Notwithstanding the fact that the trial court erroneously placed the burden of proof on Cheri, we agree with its decision. Our de novo review of the record shows that Cheri did not have a job in Sioux City and had secured one in Omaha. She sought employment in Sioux City in an attempt to remain there before she obtained her present job. She secured suitable housing in Omaha prior to the move. She also has relatives in Omaha who have agreed to look after Robert, Jr., after school while she is still at work. The primary impact of the move is on the father's visitation which is important and should be promoted whenever possible. She, however, has offered to pay the extra expense of travel for the child in order that visitation not be impaired. Finally, Cheri is better able to provide for Robert, Jr., where she is able to work. See In re Marriage of Lower, 269 N.W.2d at 826. We do not believe a parent granted custody should be prevented from moving to another jurisdiction where the decree merely requires court approval for the move unless there is a specific showing that the move would be against the child's best interests. See In re Marriage of Burgham, 86 Ill.App.3d 341, 345, 41 Ill.Dec. 691, 694, 408 N.E.2d 37, 40 (1980). Robert has not done so in this case.


Robert requested that custody of Robert, Jr., be transferred to him, alleging that Cheri had proven to be an unfit mother in the eight years since the parties' dissolution. Robert has also remarried and now has three other children. Moreover, Cheri has now moved to Omaha. The supreme court in Hobson v. Hobson, 248 N.W.2d at 139-40, set out the principles which guide us in a change of custody case. A party seeking a change of custody must show a superior claim, based upon an ability to minister to the child's needs more effectively than the custodial parent. In re Marriage of Day, 314 N.W.2d 416, 417 (1982); In re Marriage of Ivins, 308 N.W.2d 75, 78 (Iowa 1981). Moreover, the custody of children who are receiving proper care should not be disturbed in absence of cogent or compelling reasons. Davis v. Davis, 237 N.W.2d 455, 458 (Iowa 1976).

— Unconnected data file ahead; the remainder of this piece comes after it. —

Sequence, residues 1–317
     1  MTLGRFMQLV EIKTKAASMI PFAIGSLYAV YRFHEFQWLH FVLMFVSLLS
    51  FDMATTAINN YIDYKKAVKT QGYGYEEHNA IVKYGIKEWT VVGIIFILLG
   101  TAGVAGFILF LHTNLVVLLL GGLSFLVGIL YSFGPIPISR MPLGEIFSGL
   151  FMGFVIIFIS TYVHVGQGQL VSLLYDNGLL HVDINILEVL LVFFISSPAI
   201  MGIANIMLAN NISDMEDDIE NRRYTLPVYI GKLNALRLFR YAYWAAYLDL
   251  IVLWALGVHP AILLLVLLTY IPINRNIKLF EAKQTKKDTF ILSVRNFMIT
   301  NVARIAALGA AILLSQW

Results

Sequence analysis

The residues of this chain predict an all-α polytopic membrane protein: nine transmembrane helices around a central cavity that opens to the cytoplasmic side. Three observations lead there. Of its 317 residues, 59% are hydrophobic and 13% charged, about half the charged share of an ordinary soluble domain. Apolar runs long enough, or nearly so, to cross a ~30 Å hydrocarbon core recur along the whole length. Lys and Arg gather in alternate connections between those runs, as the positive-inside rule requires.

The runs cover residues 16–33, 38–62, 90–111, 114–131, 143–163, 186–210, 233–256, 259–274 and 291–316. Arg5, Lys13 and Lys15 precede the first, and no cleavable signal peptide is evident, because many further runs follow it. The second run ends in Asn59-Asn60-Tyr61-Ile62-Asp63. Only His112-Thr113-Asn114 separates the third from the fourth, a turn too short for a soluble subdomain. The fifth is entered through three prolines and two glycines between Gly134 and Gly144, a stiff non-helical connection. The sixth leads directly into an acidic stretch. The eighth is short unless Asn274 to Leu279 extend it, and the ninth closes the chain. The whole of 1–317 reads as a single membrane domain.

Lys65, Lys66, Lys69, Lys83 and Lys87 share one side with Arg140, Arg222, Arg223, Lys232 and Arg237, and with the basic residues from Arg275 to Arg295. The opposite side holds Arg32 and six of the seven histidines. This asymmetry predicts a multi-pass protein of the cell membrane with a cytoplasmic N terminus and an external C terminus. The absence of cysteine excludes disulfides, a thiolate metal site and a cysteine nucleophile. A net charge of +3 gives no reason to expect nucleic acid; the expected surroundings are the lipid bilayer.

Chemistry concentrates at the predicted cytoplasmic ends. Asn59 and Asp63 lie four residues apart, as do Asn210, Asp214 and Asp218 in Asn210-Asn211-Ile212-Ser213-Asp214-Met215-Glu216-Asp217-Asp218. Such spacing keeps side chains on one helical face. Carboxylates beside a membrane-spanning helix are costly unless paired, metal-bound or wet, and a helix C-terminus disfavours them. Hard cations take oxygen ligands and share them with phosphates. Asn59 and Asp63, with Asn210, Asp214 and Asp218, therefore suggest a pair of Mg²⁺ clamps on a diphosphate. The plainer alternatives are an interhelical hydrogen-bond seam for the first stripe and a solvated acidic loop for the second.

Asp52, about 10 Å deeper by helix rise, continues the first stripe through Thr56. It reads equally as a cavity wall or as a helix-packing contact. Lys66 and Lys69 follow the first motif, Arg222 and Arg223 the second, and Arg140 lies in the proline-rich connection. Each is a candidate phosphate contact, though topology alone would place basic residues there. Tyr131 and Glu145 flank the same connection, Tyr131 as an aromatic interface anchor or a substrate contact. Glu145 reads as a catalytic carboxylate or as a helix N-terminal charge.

The respondent's principle evidence was the testimony of the petitioner's neighbors, Mr. and Mrs. Johnson. The trial court stated that although they believed they were telling the truth, it did not find their testimony to be convincing. There was evidence of strong animosity between the Johnsons and the petitioner. The respondent also presented evidence of problems between the petitioner and the parties' oldest child. There was other evidence, however, that respondent's actions had contributed toward that child's problems. More importantly, there was evidence that Cheri and Robert, Jr., had a close relationship and that Robert, Jr., was intelligent, courteous, disciplined, and well adjusted. We believe it was proper to leave the custody of the parties' minor child with petitioner.